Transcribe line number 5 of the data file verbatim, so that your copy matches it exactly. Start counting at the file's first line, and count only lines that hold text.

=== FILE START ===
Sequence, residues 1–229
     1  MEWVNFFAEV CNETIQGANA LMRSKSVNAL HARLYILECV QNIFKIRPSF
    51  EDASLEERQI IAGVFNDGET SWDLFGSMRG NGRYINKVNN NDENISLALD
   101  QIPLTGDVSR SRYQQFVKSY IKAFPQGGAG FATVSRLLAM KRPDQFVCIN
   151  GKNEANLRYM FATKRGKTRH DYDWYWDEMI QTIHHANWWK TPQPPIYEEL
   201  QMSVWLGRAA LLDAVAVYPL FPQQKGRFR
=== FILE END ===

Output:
   151  GKNEANLRYM FATKRGKTRH DYDWYWDEMI QTIHHANWWK TPQPPIYEEL